The 1204 sacking of Constantinople even saw the Venetians take a vast amount of looted art back to Venice. Yes, Venice proper — because by that time, the Rialto settlement had eclipsed that on Torcello.
The birth of Venice
The settlement of Venice was initially centered around the Rialto, still home to a busy market.
Venice — or the community around Rialto that became Venice — was founded shortly after Torcello, but gradually eclipsed the original settlement. Although there is evidence that the islands of Venice were seeing some use during the early Middle Ages, Calaon said the city really took root in the early ninth century, when doge Giustiniano Participazio moved the ducal palace from Malamocco, on the island of Lido, to Rialto, and founded the first church dedicated to St Mark.
As Venice grew, Torcello withered. “Venice took on the role of the major trade and harbor center for the whole lagoon, so these places [in the north lagoon] became peripheries,” says Calaon.
“Only Burano survived because it was the neighborhood of the fishermen, and that role was not stolen.”
In fact, he says, Burano — which is still a fishing island — is effectively the oldest community left in the lagoon. Workers use ancient techniques to catch their fish, one by one, meaning the traditions have been handed down for centuries.
But while Burano has held on, Torcello died. Another nail in the coffin: in the 12th and 13th centuries, its harbor began to silt up, just as Altinum’s had 800 years before.
And so the decline began. With trade now taking place in Venice, the inhabitants of Torcello moved south. Towards the end of the Middle Ages, a plethora of monasteries and convents sprang up on the island — a move which Calaon calls a “signal of the end of the city and island,” showing just how quiet it had become.
By the 19th century, when writer Henry James came to visit, it was already a ghost island. In “Italian Hours” he wrote: “At Torcello there is nothing but the light to see — nothing at least but a sort of blooming sandbar intersected by a single narrow creek… and occupied by a meager cluster of huts, the dwellings apparently of market-gardeners and fishermen, and by a ruinous church of the eleventh century. It is impossible to imagine a more penetrating case of unheeded collapse.”
Calling Torcello the “mother city of Venice,” he continued: “She lies there now, a mere moldering vestige, like a group of weather-bleached parental bones left impiously unburied.”
Busting that myth
Burano island is now one of the most popular destinations for tourists.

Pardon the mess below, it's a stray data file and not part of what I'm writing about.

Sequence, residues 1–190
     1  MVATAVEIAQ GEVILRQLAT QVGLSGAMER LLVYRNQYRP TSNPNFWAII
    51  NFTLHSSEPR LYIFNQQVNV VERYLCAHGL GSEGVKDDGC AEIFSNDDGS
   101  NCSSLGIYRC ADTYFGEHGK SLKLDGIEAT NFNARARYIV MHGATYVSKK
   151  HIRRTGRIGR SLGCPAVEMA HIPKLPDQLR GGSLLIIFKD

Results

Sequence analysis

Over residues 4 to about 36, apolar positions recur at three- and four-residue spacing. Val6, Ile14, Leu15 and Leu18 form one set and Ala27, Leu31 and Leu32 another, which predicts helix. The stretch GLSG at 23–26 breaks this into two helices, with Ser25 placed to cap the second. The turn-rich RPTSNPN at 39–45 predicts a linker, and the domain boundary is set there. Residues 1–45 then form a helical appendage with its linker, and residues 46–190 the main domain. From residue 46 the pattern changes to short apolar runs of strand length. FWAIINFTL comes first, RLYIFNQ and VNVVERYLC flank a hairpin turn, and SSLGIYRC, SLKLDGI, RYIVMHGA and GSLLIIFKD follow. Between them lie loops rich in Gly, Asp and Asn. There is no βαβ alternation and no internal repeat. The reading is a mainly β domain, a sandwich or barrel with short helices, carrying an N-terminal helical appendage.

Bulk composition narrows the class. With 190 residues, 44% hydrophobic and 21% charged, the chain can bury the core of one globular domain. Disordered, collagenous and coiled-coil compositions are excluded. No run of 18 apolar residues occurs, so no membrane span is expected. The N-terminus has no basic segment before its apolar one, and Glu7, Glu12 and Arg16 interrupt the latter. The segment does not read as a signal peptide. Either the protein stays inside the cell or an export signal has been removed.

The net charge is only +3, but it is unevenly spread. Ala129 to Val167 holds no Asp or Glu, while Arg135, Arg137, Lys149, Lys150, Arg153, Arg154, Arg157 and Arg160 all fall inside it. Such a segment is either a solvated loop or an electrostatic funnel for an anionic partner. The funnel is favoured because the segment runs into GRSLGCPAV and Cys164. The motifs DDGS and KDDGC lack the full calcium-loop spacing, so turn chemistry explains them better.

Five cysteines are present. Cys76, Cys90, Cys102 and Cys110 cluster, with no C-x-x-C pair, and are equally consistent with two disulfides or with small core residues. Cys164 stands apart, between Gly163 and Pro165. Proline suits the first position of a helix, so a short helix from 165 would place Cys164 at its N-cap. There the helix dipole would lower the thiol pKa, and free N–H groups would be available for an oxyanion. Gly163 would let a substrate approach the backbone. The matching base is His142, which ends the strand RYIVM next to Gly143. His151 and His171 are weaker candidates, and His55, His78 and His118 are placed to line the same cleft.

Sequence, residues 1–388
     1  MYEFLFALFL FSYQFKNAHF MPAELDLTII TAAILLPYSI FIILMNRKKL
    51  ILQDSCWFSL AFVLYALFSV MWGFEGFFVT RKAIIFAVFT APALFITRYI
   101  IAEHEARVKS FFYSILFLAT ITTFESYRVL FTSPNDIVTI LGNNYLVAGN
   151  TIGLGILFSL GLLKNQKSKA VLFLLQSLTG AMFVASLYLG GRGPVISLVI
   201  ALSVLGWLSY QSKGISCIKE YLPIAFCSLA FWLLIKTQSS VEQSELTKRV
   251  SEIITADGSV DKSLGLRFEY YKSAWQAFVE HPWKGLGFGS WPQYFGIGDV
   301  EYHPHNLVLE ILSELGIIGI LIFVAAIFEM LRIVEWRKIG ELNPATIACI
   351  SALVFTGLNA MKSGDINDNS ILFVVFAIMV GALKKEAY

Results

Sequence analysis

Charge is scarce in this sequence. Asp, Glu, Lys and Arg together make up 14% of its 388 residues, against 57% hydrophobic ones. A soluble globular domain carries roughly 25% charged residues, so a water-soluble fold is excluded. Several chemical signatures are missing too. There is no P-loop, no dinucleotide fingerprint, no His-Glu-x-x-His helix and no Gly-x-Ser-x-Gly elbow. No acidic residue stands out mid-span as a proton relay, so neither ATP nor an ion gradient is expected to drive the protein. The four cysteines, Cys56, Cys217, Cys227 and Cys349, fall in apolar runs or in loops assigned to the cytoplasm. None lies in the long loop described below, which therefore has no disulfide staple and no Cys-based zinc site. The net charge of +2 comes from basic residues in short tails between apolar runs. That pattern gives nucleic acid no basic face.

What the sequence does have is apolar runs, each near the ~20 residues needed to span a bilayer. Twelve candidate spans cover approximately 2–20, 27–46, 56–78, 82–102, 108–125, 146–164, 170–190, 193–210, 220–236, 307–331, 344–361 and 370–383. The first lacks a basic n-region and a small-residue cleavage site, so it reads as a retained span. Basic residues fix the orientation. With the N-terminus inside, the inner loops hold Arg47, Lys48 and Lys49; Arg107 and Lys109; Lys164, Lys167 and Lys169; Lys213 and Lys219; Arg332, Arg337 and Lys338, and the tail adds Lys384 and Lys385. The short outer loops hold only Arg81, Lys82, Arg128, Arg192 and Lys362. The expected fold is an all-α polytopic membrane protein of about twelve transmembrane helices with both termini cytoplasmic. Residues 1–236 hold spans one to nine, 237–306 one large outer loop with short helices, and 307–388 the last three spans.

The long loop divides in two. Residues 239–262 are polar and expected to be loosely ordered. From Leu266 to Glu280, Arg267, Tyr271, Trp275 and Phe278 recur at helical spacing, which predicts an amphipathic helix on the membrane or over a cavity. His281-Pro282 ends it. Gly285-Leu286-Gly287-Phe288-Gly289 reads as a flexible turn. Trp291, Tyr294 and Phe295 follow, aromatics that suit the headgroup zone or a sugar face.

In fact, the myth of Torcello as the precursor of Venice has been so strong that even archaeologists have fallen for it over the years. Even the harbor development was previously interpreted in a way that skewed towards the myth.
“In the past we interpreted reclamation as way to enlarge the workable area for a community that was desperately needing areas to work on, but on the contrary — people were looking for a place with a lot of water for their docks,” says Calaon.
“As archeologists, we were victims of the myth of Venice’s birth for many years. In the 1970s and 1990s people were finding Roman things, knowing Torcello was not a new place, but we had cold feet rereading the myth, because the historical narrative was so strong that it somehow shaped our interpretation.
“So we were saying, OK, maybe there was something [earlier] but it was completely abandoned because of changing sea levels. We tended to separate the Roman period from the medieval one.”
It’s only over the past 20 years, he said, that they’ve acknowledged the island was in continuous use from Roman times.
The lure of the wilderness
Torcello may be a ‘ghost island’ now but the fishermen of Burano use it to catch moeche crabs.
Not that many people know, such is the lure of the Torcello myth — or the “cathedral in the desert,” as Calaon calls it.
And the barely inhabited island has pulling power even for locals.
“I often go there to talk to the fishermen [the area is famous for its moeche, or soft-shell crabs]. Then I stop the boat, find a place to sit down, and have a beer or a glass of wine. The sunset in spring is beautiful, and there are no tourists in the evenings so I feel the island is my own.”
And of course, the demise of Torcello is what saved its famous church. Instead of being refurbished, like everywhere else, says Ken Dark, “abandonment froze it in time.”
For Calaon, there’s a “responsibility” in debunking a centuries-old myth.
He can see why the republic picked Torcello: “The idea of this huge building, isolated in the lagoon, is the perfect setting for a mythical place for the birthplace of Venice.”
Even he calls it “magical.”
“Going there I feel like I’m on an island that’s turned back the clock by a few centuries, thanks to the peace and the nature.
“It’s an honor being part of that history.”